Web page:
I'm sure you all are tiered of these kind of questions about cottage food laws. I have many questions.
I live in KS where we do not have a cottage food law at this time. I have read a few where they went to the state to get one passed. How did this happen, what did you do or say to get it passed.
Another thing, I do live in a small community. It takes 60 miles to get to a town that has a population with 5 didgets. There are several people who make cakes around here and I know they are not legal. They all bake from their homes and in the history of home baking around here, no one has ever had an issue. It only takes the one time, I know... Anyway, I would love to be legal but dont know how to make it happen or anything else. (We live in a small enough town there is no way I would I would be able to do this full time, I just want to be a legal hobbiest )
Another thing, do any of you have just a liablity insurance threw your inserance co? If so, how much are you insured for and how much does it cost you a year??
It's easy to be a legal hobbyist in a state without a cottage food law, just don't charge anything for your cakes.
As for liability insurance, we use The Hartford through Wells Fargo and pay $500/year (we operate out of a rented commercial kitchen in CA, not a retail shop).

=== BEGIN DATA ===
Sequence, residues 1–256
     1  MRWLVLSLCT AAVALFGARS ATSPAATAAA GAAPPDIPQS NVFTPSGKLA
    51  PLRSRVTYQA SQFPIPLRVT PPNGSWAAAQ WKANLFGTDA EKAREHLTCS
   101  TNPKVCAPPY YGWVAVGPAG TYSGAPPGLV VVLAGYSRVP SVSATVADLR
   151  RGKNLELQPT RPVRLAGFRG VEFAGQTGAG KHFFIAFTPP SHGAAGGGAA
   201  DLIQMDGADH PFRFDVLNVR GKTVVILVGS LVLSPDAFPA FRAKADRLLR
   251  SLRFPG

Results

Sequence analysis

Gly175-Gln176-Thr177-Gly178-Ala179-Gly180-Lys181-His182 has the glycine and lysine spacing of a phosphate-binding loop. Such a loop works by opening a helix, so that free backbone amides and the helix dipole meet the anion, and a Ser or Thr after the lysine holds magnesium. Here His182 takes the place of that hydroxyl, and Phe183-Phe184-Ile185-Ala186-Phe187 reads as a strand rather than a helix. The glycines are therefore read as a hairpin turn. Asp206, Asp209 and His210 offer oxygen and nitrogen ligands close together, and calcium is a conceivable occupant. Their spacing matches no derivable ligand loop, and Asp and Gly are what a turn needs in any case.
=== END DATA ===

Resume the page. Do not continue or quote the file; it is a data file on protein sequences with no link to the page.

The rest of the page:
well... not charging is too expensive, we very much live from pay check to pay check, that's why I want to make money at it and that's why I posted this question... sorry I didnt make that clear. I just cant afford to make cakes for free.
If you just want to practice decorating you can try using cake dummies, which are reusable.
Regarding getting a cottage food law passed, your best bet is to contact your local representative. You can find out who that is here:
If you can meet your rep face-to-face that would have the biggest impact, otherwise a clear and succinct letter, phone call, or email would work. When talking with your rep you'll probably want to emphasize how a cottage food law would increase state revenues by allowing income tax to be collected from home bakers who are currently operating illegally, and charging home bakers an annual fee would cover the costs of implementing the new law.